Multimodal Outcome CHAracterization (MOCHA) in comatose cardiac arrest patients

Trial Purpose and Description

The purpose of this study is to create a Yale School of Medicine Neurology patient clinical data repository that will be used for current and future research projects involving the study of post-cardiac arrest patients and the clinical characteristics and prognostic factors that effect neurologic outcome. This clinical data repository will serve researchers at Yale as well as external collaborators engaged in future observational studies related to post-cardiac arrest syndrome. The clinical data registry will gather a patient's relevant clinical data, including functional outcomes during hospitalization and at discharge (at 3 months, 6 months and 12 months follow-up visits). The clinical information obtained from patients will help researchers understand the target patient population as well as help formulate studies that can assess the progression of disease as it relates to outcome. Our ultimate goal is to come up with a predication model for prognostication in cardiac arrest, using multiple modalities that are already clinically in use, but in a more standardized fashion. Our hope is that these tools, either in isolate or in combination, will be able to more accurately predict outcome for patients initially comatose following cardiac arrest.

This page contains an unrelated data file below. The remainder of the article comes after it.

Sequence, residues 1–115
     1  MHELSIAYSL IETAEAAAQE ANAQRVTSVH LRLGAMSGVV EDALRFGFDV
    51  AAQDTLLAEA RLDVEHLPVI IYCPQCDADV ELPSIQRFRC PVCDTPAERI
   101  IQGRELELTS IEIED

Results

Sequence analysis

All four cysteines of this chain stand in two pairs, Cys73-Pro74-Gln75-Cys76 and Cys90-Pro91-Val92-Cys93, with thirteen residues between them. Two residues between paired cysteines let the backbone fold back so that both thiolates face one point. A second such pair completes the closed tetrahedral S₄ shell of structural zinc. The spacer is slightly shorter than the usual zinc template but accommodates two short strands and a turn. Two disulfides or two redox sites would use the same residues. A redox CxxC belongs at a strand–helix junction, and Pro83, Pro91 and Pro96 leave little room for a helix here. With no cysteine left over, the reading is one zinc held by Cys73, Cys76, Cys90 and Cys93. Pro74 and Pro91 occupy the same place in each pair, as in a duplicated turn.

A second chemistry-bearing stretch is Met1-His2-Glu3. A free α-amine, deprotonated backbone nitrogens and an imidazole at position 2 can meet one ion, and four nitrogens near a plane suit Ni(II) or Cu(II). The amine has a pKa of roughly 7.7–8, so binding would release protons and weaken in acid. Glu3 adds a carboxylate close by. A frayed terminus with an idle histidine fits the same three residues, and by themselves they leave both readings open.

Ages: 18 years and younger

Gender: Both

Eligibility Criteria

Inclusion Criteria:

a) Adult patients (age 18 or older with no upper age limit)
b) Cardiac arrest from any non-perfusing cardiac rhythm
c) Sustained return of spontaneous circulation (ROSC)*

*Sustained ROSC: Sustained ROSC is when chest compressions have been not required for 20 consecutive minutes and signs of circulation persist.

Exclusion Criteria:

a) Subjects with isolated respiratory arrest without concomitant or ensuing cardiac arrest;

b) Patients younger than 18 years of age.

Yale University School of Medicine

Start Date: 01/01/2004

End Date: 12/31/2025

Last Updated: 02/22/2018

Study HIC#: 1506016080REG

Get Involved

For more information about this study, contact:
David Greer
+1 203-785-5947

If you would prefer to contact a member of the Help us Discover team about this trial and other similar trials, please email or call 1-877-978-8348.

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